38 38 TRUE or FALSE? Most students who observe bullying don’t think they should get involved.

39 39 Bystanders may… Feel it’s none of their business Feel afraid, e.g., for personal safety Feel powerless to change things Feel guilty Feel diminished empathy for victims Join in on the bullying (watch, cheer) In some cases, be “henchmen” for the bully

40 40 Intervene With the Bystander Why? Bystanders represent the largest group in the “Bullying Circle” A bystander may range from the “follower/henchman” to the defender of the victim


42 42 Schools should consider helping the bystander by… Enforcing school rules Modeling intolerance for bullying, addressing it when seen Distinguishing between tattling and reporting Providing an anonymous means for students to report bullying Providing commendations for bystanders who intervene

43 43 TRUE or FALSE? Once a bully, always a bully.

44 44 Considering Bullies and Their Behavior Bullies have high self-esteem. Their behavior satisfies their self-esteem and they are not likely to stop bullying on their own The behavior is often part of a conduct-disordered behavior pattern This pattern may continue into adulthood and take shape in various relationships, e.g., dating Bullies are 4 times more likely than non-bullies to have 3 or more convictions by age 24

45 45 Motivations to Bully/Harass Gain power Gain popularity and attention Act out problems from home Copy what someone else does whom they admire Perceive it as fun Inflated self-esteem

46 46 Bullies CAN Change Bullying behaviors and victimization experiences are relative stable over time if there is NO intervention BUT, appropriate intervention CAN change behaviors

47 47 Good Idea…Or Mistake? “Get rid of the bullies. We simply need a zero tolerance policy for bullying.”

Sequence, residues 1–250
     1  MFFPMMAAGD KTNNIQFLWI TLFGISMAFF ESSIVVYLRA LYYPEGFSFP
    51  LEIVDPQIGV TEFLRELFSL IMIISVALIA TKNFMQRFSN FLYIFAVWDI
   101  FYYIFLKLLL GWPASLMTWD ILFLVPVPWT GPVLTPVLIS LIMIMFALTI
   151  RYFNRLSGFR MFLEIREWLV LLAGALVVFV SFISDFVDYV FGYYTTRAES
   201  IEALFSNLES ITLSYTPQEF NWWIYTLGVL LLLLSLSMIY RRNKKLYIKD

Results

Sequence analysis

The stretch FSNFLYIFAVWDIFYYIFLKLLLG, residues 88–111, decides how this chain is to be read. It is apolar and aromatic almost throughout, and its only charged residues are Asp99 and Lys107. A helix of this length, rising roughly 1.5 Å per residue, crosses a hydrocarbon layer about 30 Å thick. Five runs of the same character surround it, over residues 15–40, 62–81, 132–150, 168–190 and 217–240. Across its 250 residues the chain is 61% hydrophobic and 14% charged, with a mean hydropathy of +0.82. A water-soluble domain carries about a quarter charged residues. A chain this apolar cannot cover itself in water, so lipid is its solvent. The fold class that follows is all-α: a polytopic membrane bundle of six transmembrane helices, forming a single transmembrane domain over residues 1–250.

48 48 Good Idea…Or Mistake? “Let’s group bullies together for treatment.”

49 49 Good Idea…Or Mistake? “Bullying is best handled through peer mediation.”

50 50 Good Idea…Or Mistake? “The Prevention Program ‘Du Jour’ Approach.”

51 51 Good Idea…Or Mistake? “There’s got to be a good, one-shot solution to bullying prevention.”

52 52 A Successful Bullying Prevention Program is… Universal (school-wide) Preventative and problem solving Focused on changing norms and behaviors Research-based Not time-limited; requires systematic efforts over time Inclusive of bystander involvement

53 53 What can we do in our schools… As teachers and support staff? As administrators? For prevention? For intervention?

54 54 What Can We Do in Our Schools? Prevention: Be aware of the system-wide resources available and use them Publicize policies and procedures (posters in classrooms, handouts with clear explanations, reminders in the announcements, report forms throughout the building) Promote standardized responses by all staff members (consequences, recourses available) Be observant of student behavior

55 55 What Can We Do in Our Schools? Intervention: Listen to each student’s entire story (Who’s the victim?) Tell the students the school must intervene (explain school system sanctions) Report the complaint to an administrator Report assaults to the police Create a detailed record of each incident and help preserve any evidence Help identify responsible parties and possible witnesses